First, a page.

Date of Conferral







Jennifer Smolka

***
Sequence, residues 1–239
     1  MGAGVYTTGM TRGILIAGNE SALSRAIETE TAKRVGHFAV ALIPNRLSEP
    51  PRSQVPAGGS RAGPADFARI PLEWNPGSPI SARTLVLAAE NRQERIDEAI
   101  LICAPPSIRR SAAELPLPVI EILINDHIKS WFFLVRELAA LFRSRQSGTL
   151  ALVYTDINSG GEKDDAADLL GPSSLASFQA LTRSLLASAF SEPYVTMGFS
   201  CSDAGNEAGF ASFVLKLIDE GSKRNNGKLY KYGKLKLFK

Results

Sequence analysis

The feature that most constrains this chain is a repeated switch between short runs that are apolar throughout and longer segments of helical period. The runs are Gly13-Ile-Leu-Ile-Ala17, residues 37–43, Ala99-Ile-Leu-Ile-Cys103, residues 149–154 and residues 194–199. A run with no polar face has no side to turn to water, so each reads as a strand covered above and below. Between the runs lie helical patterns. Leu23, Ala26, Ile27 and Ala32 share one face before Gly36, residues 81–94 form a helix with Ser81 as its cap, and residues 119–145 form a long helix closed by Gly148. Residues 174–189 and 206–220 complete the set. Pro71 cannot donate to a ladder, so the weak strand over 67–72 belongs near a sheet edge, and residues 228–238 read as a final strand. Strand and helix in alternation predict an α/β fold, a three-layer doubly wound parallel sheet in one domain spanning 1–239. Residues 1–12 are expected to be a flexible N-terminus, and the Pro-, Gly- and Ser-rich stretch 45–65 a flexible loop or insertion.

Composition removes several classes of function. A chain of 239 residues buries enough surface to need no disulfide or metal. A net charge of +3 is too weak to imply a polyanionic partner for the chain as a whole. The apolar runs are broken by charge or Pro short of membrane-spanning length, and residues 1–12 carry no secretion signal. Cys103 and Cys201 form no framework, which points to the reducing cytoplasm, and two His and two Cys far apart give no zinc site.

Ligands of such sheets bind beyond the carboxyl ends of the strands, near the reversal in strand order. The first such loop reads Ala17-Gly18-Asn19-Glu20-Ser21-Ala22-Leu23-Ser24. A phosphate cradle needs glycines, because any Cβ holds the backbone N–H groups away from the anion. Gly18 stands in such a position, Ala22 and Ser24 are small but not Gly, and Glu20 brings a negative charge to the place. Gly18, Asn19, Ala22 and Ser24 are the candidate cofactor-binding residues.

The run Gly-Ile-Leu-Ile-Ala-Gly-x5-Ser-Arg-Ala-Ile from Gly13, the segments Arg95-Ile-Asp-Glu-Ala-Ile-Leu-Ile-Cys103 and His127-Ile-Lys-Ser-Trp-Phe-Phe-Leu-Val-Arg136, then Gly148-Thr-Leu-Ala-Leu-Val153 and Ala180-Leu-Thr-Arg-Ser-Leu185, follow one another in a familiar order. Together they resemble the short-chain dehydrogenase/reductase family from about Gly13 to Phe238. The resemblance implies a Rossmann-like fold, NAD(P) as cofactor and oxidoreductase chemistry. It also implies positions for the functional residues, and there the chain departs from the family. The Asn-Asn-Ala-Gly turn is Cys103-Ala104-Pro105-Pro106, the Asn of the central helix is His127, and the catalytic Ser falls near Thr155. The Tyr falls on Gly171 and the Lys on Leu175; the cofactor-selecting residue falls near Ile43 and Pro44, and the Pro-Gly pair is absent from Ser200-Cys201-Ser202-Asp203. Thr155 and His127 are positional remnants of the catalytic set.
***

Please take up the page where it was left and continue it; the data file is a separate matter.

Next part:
Many students entering college in the United States need assistance in at least one academic area, causing remedial courses to be commonplace in higher education. This study evaluated the impact of video instruction in learning the content found in an online remedial math course. The instructional videos were created using the guidelines of Universal Design and cognitive load theory. A quantitative, quasi-experimental method was used to evaluate a dataset made available by a regionally accredited private New England college's online division. The online division offers undergraduate and graduate degree programs and certifications, and the students are located all over the world. The dataset started with 203 participants, with 78 completing the first module, 36 completing the second module, and 17 completing the third module. Paired t tests revealed that while both text and video instruction improved the scores between the pre- and posttests, there was no statistically significant difference between those two groups. However, the end sample size was small, with many students not completing all three modules. This limited the interpretation to the results of the pre- and posttest scores of the first module only. These findings inform faculty teaching remedial online math courses, as well as course designers, seeking to improve these courses and increase the success rate for students passing the course. This has implications for social change because student success in these remedial math courses may in turn increase persistence, retention and graduation.